In reading Jesse Fox Mayshark's piece on the thorny land-use controversy over the Midway Road property ["The Battle of Midway, Again," Citybeat, March 11, 2010], I couldn't help thinking of the Robert Heinlein quote, "Progress is made by lazy men looking for easier ways to do things."
As the young farmers who have moved here will tell you, Tennessee's greatest asset is its land. But developers also think that. The question we must all ask is: What is the land-use that will best serve Tennesseans? Do we want sustainable farms or a massive outer beltway with still more suburban sprawl? When the price of gasoline skyrockets (and it will: supply and demand, do the math), consider the fate of businesses depending on cheap transportation of goods. Forget about the dross-filling places like Turkey Creek; think about the most fundamental necessity of survival: food. When we can no longer depend on food being shipped long distances, shouldn't we be protecting our remaining unasphalted acreage?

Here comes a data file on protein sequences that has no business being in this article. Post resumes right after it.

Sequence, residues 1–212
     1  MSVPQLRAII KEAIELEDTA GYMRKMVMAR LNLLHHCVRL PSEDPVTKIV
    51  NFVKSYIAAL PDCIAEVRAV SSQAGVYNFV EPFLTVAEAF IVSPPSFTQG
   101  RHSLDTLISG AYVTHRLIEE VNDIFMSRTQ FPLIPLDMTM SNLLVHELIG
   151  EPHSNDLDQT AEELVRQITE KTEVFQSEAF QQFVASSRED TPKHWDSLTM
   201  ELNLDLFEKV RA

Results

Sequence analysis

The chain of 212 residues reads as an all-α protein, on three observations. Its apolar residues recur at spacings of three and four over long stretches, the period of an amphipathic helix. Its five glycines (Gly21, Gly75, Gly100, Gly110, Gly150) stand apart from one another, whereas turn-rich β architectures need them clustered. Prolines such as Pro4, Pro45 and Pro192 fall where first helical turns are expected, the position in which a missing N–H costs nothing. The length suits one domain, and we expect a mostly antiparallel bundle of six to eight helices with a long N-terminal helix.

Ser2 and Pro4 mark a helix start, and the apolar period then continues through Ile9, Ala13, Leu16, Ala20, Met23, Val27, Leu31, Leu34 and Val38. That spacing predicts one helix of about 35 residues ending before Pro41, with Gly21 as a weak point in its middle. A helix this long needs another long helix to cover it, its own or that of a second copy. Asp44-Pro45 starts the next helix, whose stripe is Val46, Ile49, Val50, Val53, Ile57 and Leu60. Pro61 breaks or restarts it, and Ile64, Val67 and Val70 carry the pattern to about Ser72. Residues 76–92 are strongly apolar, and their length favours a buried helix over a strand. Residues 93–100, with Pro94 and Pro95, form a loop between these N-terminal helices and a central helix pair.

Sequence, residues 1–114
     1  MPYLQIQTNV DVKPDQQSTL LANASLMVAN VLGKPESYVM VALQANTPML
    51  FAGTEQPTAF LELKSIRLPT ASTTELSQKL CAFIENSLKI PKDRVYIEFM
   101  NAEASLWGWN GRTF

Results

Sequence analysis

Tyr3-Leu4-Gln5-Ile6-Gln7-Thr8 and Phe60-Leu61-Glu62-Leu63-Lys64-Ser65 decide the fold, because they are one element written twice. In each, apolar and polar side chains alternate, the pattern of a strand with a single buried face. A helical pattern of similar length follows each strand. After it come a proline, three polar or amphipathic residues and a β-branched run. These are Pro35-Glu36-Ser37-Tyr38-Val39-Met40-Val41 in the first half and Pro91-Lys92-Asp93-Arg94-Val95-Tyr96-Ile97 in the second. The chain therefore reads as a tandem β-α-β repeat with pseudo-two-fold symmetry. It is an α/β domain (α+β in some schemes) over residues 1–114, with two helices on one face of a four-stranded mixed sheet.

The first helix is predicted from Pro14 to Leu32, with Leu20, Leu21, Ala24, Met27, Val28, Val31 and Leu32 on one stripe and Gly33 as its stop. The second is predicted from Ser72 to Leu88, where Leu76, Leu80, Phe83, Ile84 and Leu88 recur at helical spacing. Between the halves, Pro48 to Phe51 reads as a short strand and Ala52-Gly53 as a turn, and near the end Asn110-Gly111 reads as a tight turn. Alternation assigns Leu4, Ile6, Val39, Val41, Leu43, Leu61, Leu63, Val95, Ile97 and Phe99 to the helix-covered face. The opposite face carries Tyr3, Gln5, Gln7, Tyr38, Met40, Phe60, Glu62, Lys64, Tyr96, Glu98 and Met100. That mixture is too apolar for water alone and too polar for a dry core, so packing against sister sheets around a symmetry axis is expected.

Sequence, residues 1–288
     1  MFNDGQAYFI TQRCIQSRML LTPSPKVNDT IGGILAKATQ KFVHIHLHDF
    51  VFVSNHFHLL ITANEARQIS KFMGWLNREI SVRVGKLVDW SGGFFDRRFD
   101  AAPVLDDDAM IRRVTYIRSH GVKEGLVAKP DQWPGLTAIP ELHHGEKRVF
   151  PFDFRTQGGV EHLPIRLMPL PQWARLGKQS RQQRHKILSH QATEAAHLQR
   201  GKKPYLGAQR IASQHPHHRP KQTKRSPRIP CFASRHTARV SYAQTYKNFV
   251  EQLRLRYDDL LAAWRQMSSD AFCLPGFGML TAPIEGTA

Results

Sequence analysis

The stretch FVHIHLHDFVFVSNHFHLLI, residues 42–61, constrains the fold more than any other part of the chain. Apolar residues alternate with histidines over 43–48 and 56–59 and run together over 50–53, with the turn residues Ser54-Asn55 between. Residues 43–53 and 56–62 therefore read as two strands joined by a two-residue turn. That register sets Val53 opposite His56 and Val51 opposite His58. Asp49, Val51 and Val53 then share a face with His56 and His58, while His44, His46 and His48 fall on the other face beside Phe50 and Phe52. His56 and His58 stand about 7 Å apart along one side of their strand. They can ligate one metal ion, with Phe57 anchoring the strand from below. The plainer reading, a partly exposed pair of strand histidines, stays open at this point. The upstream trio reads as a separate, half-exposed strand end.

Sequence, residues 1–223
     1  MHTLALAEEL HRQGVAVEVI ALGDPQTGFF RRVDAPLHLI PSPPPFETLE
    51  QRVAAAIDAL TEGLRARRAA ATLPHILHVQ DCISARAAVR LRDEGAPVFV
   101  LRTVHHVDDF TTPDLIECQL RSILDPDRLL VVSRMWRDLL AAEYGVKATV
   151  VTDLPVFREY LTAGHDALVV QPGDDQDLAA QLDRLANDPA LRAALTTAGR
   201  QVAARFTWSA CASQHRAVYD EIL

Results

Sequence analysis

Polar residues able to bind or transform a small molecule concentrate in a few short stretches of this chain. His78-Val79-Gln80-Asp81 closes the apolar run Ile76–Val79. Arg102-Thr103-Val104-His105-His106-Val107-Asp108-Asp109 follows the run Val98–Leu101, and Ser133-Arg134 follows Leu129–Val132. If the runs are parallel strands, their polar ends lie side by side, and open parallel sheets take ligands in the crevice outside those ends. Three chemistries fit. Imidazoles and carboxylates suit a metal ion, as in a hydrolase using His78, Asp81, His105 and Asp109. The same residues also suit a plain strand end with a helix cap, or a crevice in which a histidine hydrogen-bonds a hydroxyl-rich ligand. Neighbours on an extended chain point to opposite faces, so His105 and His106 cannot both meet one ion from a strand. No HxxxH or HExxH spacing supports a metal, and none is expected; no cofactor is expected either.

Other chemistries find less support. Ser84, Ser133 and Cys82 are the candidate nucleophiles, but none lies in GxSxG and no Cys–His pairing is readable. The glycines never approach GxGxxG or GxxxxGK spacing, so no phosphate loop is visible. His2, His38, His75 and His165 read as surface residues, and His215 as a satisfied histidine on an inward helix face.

Developers have no long-range vision; they are in for the quick return, and they put all their eggs in one basket: an engine-clogged freeway. Even here in Tennessee, where industry has been slow in coming, there is no lack of evidence of the sad fate of such poorly planned ventures. What are we left with when they go belly up or pull up stakes and move on to the next big thing? Impoverished neighborhoods and environmental hazards, more brownfield sites for the Tennessee Dept. of Environment and Conservation to figure out how to clean up and revitalize. In the coming economic gloom, such efforts will be low on the state's priority list. And if food supply becomes the major concern, who's going to grow it in contaminated soil?
Jane Holtz Kay, author of Asphalt Nation, has written extensively about how America has sold out to developers its greenfields, the virgin lands on the fringes (like the Thorn Grove community); how two million acres of farmlands are leveled each year, the forests and fields filled with Big Box Bang 4ur Buck stores, the wetlands drained for McMansions and gated subdivisions.
Maybe we all need to rethink the term "progress."